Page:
The People’s Republic of China seems to have one crystal-clear objective: to dominate this important body of water to such an extent that they will be able to enforce what they call their “nine-dash-line” claim that incorporates almost the entire sea.
What comes after that is unclear. For example, would China stop any and all foreign military vessels from transiting, by force if necessary? Would Beijing kick out all so-called foreign fishing vessels? How far do Chinese claims of so-called “indisputable sovereignty” go? Know this—if trends continue, in the next few years, we might just find out.
But in all honesty, we are getting ahead of ourselves just a wee bit. In fact, there are several important steps that Beijing will need to follow before it can dominate this important body of water—and much of it involves control of the skies above.
Indeed, without control of the air domain, China can’t dominant the seas and islands below. And while the People’s Liberation Army Air Force has certainly made big strides over the last twenty years, patrolling such a large area would be a challenge—until possibly now.
Thanks to Beijing’s recent creation of new islands in the South China Sea, along with three new large airfields, China is developing the bases it needs to patrol the skies above to enforce its claims.
What comes next is what really matters: which planes would Beijing place on those airfields? One very distinct possibility is one of the world’s best: Russia’s Su-35 fighter. China just closed a deal to acquire twenty-four of the fighters, and while even basing all of them in the South China Sea might not be enough to enforce a likely future Air-Defense Identification Zone, the advanced Russian jet would give Beijing a big advantage in its quest to dominate the area. And with the first four being delivered this year, Washington and its allies have much to ponder. As Peter Wood pointed out in 2013 for China Brief:
“An important improvement of the Su-35 over the [Chinese] Su-27/J-11B is the ability to carry external fuel tanks, which would be a major factor limiting the Su-27, which does not have aerial refueling capability. . . This is in addition to a 20% increase in fuel capacity over the Su-27 and air refueling capability. This later capability is another important part of China’s strategy of increasing loiter times and distances. “Loiter time” is the amount of time an aircraft can spend in the vicinity of a target, as opposed to reaching the area and returning to base. Generally there are three ways to increase loiter time. Smaller, slower aircraft like the U.S.’s Predator or Global Hawk drones can stay aloft for many hours at a time due to their long wings and lack of a pilot. The other two options are larger fuel tanks or refueling capability. China’s nascent aerial refueling program is not yet fully proven and does not currently involve any naval planes, and is estimated at becoming operationally effective between 2015-2020. . .”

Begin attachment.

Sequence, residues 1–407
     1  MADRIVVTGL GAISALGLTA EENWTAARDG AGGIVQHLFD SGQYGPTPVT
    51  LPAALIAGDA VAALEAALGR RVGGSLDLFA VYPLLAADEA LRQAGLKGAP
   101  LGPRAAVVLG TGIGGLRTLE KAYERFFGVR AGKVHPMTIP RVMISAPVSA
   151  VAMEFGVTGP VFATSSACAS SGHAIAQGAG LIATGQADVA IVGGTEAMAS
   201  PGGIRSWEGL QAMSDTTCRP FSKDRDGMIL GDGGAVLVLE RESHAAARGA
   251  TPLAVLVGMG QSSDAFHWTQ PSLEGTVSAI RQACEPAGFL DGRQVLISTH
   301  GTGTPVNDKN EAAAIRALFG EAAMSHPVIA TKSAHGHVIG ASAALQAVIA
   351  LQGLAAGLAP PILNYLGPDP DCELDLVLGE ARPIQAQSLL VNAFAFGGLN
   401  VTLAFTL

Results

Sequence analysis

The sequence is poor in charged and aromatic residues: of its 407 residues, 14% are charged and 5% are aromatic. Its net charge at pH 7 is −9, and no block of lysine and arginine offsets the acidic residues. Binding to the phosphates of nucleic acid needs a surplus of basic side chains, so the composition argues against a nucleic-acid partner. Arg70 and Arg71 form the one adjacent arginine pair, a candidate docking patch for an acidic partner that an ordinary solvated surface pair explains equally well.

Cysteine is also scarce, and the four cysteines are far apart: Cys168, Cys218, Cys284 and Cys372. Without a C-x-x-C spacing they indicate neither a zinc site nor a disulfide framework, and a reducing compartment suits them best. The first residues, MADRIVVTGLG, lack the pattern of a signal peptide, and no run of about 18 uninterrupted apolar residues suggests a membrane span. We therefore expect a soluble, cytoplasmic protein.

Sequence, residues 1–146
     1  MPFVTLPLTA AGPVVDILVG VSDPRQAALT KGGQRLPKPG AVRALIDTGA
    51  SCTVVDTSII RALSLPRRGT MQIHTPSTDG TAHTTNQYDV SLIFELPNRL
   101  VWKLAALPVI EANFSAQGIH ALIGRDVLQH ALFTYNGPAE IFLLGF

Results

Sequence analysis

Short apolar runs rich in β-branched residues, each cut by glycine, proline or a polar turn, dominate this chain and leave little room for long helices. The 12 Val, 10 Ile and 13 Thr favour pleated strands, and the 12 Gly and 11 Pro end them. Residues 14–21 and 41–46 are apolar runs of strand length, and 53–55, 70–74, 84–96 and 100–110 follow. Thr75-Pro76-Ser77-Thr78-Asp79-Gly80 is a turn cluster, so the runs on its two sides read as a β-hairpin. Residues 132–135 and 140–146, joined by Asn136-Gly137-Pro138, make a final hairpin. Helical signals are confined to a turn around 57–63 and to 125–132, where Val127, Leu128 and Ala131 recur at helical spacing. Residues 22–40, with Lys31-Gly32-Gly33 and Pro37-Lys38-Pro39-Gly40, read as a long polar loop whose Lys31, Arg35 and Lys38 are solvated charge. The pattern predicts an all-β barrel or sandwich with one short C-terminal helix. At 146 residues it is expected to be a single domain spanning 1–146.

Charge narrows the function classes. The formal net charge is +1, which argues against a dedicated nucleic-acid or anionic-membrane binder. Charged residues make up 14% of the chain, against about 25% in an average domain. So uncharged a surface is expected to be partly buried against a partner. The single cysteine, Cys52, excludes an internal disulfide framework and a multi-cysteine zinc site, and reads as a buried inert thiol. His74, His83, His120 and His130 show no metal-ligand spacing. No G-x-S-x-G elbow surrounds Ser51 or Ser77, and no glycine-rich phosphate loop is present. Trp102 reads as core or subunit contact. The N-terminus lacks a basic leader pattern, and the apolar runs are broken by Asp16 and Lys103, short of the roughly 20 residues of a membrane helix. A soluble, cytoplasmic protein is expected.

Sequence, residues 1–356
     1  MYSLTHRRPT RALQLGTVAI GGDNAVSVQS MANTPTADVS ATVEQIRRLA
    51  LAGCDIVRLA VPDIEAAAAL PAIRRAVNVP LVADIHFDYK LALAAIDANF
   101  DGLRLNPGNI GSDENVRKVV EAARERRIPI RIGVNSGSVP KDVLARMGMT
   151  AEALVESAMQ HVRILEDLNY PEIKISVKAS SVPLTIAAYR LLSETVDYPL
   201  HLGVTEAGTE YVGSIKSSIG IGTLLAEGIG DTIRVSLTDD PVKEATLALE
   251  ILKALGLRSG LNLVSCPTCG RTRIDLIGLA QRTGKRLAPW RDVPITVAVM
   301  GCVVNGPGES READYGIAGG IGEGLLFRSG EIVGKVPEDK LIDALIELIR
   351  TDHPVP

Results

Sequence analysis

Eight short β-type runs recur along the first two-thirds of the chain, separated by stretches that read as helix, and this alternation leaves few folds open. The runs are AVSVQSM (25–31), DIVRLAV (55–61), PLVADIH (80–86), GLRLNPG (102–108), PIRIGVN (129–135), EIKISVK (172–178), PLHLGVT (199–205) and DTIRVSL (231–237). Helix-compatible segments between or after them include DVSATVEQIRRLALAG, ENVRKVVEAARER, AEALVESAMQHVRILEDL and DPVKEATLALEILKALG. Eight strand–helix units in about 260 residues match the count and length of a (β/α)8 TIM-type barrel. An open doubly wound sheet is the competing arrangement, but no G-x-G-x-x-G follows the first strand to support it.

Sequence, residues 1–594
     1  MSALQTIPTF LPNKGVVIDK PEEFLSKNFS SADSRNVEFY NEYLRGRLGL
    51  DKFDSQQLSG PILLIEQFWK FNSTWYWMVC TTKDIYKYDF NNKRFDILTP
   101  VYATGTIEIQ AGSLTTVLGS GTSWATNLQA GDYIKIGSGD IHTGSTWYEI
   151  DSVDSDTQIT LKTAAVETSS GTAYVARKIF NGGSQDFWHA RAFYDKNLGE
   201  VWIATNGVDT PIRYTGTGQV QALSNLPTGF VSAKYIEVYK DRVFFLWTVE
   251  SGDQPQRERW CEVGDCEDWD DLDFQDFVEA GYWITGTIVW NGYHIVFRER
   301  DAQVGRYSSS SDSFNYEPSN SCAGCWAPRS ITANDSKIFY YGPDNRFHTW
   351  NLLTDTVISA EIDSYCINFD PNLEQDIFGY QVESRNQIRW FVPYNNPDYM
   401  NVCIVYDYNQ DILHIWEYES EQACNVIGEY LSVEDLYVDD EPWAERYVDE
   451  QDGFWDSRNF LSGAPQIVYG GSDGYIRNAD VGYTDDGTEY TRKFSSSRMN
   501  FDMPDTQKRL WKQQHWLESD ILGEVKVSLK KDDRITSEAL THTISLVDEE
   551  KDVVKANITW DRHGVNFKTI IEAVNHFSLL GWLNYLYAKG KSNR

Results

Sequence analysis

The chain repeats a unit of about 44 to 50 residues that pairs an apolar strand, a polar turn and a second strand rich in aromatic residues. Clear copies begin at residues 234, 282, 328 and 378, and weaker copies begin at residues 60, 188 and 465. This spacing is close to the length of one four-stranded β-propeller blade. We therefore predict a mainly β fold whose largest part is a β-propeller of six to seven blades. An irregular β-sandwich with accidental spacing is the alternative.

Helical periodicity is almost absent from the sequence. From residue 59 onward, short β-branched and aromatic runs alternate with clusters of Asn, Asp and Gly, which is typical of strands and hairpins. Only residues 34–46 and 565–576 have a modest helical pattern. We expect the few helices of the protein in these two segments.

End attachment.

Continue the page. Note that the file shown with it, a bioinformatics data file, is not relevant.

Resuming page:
Wood continues on, concluding his work by stating:
“While the Su-35’s technologies will benefit Chinese aviation, its larger contribution lies in enforcement and deterrence in the South China Sea. China’s currently deployed forces in the South China Sea and contested areas could already do significant damage to possible adversaries like the Philippines. Without a combat-capable Air Force and Naval forces largely composed of aging/1960s-era former U.S. coast guard cutters, the Philippines cannot effectively challenge China’s territorial claims. The Sukhoi jets’ larger fuel capacity and in-flight refueling capability mean that Chinese jets could remain on station for longer, enforcing their claims by conducting patrols and interceptions in a more consistent way. Going forward, the combination of the Su-35, China’s extant shorter range fighters, advanced surface-to-air missiles, and long range ballistic and cruise missiles could act as a, strength-in-depth, multi-layered capabilities to protect China’s claims and make others less eager to intervene if China chose to pursue conflict with its neighbors.”
While the above work by Wood is certainly impressive—and a little frightening—it is a little dated, and in this case, actually reinforces much of his claims concerning the Su-35.
As the above was written before China’s extensive reclamation projects in the South China Sea, Wood was clearly discussing basing these planes in mainland China as close to the coast as possible. Clearly basing these planes in Beijing’s newly created airfields, with likely more airstrips to come, will magnify dramatically the impact the Su-35 would have on China enforcing its claims in the South China Sea. And if Beijing reverse-engineers them—as they have done in the past with other advanced Russian fighters—the South China Sea could be a very different place than it is today.
Harry Kazianis (@grecianformula) is the former Executive Editor of The National Interest. Kazianis presently serves as Senior Fellow (non-resident) for Defense Policy at the Center for the National Interest as well as Fellow for National Security Affairs at The Potomac Foundation. He is the editor and co-author of the Center for the National Interest report Tackling Asia’s Greatest Challenges: A U.S.-Japan-Vietnam Trilateral Report. All opinions are his own.
Image: Flickr/Dimitry Terekhov.